As the calendar turns from summer to fall, in the film world, summer blockbusters turn into Oscar-bait prestige, and with that comes a fresh crop of films under festival lights. The Venice and Toronto International Film Festivals have long been considered the starting guns for award season contenders and this year was no different.
Both festivals saw stirring performances and striking efforts by Asian filmmakers from Asia and across the diaspora, and their talents were heavily awarded; including, Evil Does Not Exist winning the Silver Lion Grand Jury Prize at Venice and Dear Jassi being awarded the Platform Prize in Toronto.
Of course, the big (Asian) news out of Toronto was the presentation of a TIFF Special Tribute Award to Hong Kong screen and music legend, Andy Lau. From icons to first-time filmmakers, Lee Hong-Chi (Ai Shi Yi Ba Qiang / Love Is A Gun), Meredith Hama-Brown (Seagrass), and Jayant Digambar Somalkar (Sthal) all received well-deserved plaudits, as well.
After an exhilarating (and exhausting) three weeks, The Asian Cut has compiled our festival favourites. Have a read and be sure to tell us what your favourites were from Venice and Toronto (and Telluride if you were so lucky!).
Evil Does Not Exist
A mesmerising look at a small rural village and its intrusion by corporate outsiders, Ryusuke Hamaguchi captures the beautiful depths of nature alongside quietly captivating observations on everyday human interactions, unravelling both harmony and discord into an unforgettable finale.
— Calvin Law
Ryuichi Sakamoto: Opus
A breathtaking farewell to the work of legendary composer Ryuichi Sakamoto, the camera capturing and absorbing every chord to perfection. Creating a vivid sense of this private performance, Opus finds poignancy in the silences and pauses just as it does in the beauty of the music.
— Calvin Law
It’s hard to believe that A Match is a feature debut for both the director and lead actor. Written and directed by Jayant Digambar Somalkar, who shot the film in his home village of Dongargaon in India, the film stars Nandini Chikte playing Savita, a young woman in the final year of her undergraduate studies. Stylistically rich and containing romantic shades of Wong Kar-wai, A Match looks at what marriage means for households in certain parts of India. In one delicate sweep, the film examines not only the marital traditions that have been followed by the people of Dongargaon for years — all the social minutiae involved in securing a match — but also warmly observes a young woman’s desires and aspirations rumbling beneath customary expectations, threatening to extinguish in their powerful undertow. Savita’s major is sociology, which tends to clinically look at the origins and ways of particular societies; with A Match, Somalkar offers a sociologist’s acumen filtered through the tender empathy of an insider. A Match doesn’t judge, rather it immerses itself in Savita’s world, watching with the intimacy and care of a friend as Chikte reveals Savita’s complex and roiling feelings, and for this reason this film is a triumph.
— Alisha Mughal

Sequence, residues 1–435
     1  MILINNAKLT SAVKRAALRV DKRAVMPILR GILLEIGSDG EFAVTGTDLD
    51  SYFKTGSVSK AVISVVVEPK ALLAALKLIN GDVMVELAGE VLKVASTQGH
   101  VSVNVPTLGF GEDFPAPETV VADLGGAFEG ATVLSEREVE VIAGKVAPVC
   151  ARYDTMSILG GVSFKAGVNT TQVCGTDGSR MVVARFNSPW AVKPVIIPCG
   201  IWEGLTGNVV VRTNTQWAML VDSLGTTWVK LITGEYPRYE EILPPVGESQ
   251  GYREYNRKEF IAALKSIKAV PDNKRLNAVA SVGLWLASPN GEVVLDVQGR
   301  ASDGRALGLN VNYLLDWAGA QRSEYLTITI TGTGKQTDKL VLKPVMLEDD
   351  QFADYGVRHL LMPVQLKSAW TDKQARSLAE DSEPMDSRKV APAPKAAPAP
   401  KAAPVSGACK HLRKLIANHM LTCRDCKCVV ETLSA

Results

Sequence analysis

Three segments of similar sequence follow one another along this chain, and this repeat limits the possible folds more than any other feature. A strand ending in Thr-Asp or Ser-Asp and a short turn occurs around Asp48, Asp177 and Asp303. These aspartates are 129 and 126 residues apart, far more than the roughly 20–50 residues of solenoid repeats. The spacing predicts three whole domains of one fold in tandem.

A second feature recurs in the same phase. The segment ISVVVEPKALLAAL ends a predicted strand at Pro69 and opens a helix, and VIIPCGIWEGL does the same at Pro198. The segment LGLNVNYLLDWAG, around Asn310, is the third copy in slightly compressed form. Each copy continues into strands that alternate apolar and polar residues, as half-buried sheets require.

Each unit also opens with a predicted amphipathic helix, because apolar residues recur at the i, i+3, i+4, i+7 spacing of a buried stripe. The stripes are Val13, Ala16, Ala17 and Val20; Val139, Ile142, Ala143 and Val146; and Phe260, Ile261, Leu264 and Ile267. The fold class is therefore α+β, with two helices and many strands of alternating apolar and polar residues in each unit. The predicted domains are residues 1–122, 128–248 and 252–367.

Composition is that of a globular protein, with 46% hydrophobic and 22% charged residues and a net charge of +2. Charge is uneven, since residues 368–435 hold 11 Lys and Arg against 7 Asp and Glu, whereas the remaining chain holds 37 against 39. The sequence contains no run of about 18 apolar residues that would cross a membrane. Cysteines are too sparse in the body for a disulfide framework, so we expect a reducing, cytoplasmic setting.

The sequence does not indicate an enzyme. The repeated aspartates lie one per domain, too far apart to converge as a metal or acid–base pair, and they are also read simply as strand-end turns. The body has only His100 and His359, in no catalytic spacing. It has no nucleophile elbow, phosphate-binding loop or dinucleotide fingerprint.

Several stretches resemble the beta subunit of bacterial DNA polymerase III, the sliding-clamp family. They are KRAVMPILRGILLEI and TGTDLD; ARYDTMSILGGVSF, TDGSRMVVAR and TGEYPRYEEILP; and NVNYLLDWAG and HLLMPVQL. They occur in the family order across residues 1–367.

In Flames has been presented as a horror film, and while there are definite horror elements, the feature film debut from Zarrar Kahn evades the classic horror tropes and simply becomes haunting. The Canadian-Pakistani production has a lot to say about Pakistan and a woman’s existence within the country and expresses these themes with great poetry and pathos.
— Rachel Ho
Wim Wenders goes out of his way to make a film that's voraciously quiet and ends up creating one of the loudest statements on the devastating beauty of loneliness. With a revelatory performance from Koji Yakusho that utilizes minimal dialogue, and being a Japanese film coming from a German director, Perfect Days is perhaps the perfect example of how cinema is truly a universal language of artistic expression.
— Wilson Kwong
The Queen of My Dreams
I saw The Queen of My Dreams on the second day of the festival, and even after seeing almost two dozen films since, it still lives in my mind. The journey we take with Fawzia Mirza’s film, across space, time, and even genre, is unforgettable. An exceptional debut!
— Jericho Tadeo
I was looking forward to seeing this adaptation of Kim Thúy’s Governor General’s Award-winning novel, and it did not disappoint. Ru is a delicately presented story of a refugee family settling in snowy Montreal after the militaristic terrors brought on by the end of the Vietnam War. There is a balance of beauty and ugliness that exists in the world, yet there is an irresistible current of optimism that permeates Thúy’s worldview and comes out in Ru.
— Rose Ho
What do you think of when you think of strength? In Noora Niasari’s fictional, semi-autobiographical feature debut, strength emerges as the small but mighty ability to put name to domestic abuse, the mere act of smiling, passing on cultural stories and traditions, and dancing. Starring the spellbinding Zar Amir Ebrahimi, Shayda tells the story of a woman striving to secure a divorce from an abusive husband who refuses to play fair. Ebrahimi in this film is graceful as a ballerina, as Choi Seung-yoon in Riceboy Sleeps. And while certain scenes of abuse in the film and their retelling (Niasari’s lens and Ebrahimi’s portrayal are so incredibly brave) terrified me to the core, I would say Shayda is just as much, perhaps more, a celebration of strength and happiness as it is a depiction of what it looks like to survive. Shayda is unforgettable.
— Alisha Mughal